Why didn’t the early settlers to America pay attention to the giant hint about catastrophic weather events on this continent??  The indigenous people had a ‘rain dance’ because we have cyclical episodes of drought all over the two continents.  If I had faith in my ability, I would do a rain dance on my back deck because I am so fed up with watering the garden.  My sprinklers haven’t worked for a couple of years but I decided during the Pandemic that I would use a hose and be the Greta Thunberg of my cul-de-sac.  Our water bill tells me that we are doing the right thing, especially raiding the laundry basket for yesterday’s clothes…that’s my excuse and I am sticking to it.  One of the things I loved about Egypt was that it was really hot, not everyone had access to water or deodorant, the trains were jam packed and you had to get used to body odor.  It was a sharp acclimation moving to the States – why do people get washed before they go out for a run in Texas humidity? I can smell their Gain detergent on their cute little outfits about half a mile away.  Just go out stinky and have a shower when you return.  The only friend who felt as I did was brought up in the South African bush and didn’t wear shoes until she was 12.  She walked the dog with her dressing gown on…my kind of gal.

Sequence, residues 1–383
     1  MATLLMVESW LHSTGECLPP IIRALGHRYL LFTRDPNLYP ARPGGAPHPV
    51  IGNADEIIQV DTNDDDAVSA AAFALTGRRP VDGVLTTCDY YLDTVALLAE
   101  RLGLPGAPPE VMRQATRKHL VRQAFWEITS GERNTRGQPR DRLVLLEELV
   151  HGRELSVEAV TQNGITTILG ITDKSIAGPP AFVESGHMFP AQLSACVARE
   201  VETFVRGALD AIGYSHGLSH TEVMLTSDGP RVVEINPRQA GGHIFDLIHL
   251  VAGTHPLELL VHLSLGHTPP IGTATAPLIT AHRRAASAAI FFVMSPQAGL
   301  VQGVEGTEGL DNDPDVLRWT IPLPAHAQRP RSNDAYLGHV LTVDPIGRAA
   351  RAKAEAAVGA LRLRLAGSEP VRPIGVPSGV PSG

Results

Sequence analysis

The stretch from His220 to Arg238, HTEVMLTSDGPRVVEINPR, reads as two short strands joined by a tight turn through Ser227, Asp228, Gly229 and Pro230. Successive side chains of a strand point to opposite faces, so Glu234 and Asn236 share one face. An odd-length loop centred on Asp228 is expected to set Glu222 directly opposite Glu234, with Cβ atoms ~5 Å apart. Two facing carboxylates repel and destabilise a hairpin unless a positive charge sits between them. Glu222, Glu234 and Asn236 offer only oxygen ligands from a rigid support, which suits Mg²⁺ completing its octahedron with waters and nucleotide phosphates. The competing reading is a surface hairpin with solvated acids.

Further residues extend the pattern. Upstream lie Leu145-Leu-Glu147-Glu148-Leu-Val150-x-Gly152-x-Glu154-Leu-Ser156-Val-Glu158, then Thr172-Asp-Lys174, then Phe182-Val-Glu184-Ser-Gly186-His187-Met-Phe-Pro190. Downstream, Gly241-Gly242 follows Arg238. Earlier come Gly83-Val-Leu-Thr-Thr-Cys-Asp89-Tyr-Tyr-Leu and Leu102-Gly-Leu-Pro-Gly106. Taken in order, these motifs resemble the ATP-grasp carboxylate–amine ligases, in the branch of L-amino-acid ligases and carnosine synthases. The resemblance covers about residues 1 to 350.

Like many of us, during the Pandemic, I watched TV until I was square eyed.  I can’t tell you how many National Geographic and Discovery documentaries I ingested.  Any archeological program involving LIDAR gets me excited. LIDAR is an acronym for light detecting and ranging.  Briefly, the technology allows you to scan a wooded area, for example, and remove the trees digitally to reveal the remains of structures. There have been many recent discoveries in central and south America, showing that there were huge Mesoamerican ‘cities’, for want of a better word.  The biggest had hundreds of thousands of people and they were connected to other cities.  The Amazon is not virgin rainforest but more a peek into a post-apocalyptic Manhattan.  Imagine decayed and fallen skyscrapers overwhelmed with a forest canopy.   I was astonished to find out that the Amazon was ‘plundered’ before – once or perhaps more.  Vast cities with complicated infrastructure and agricultural methods.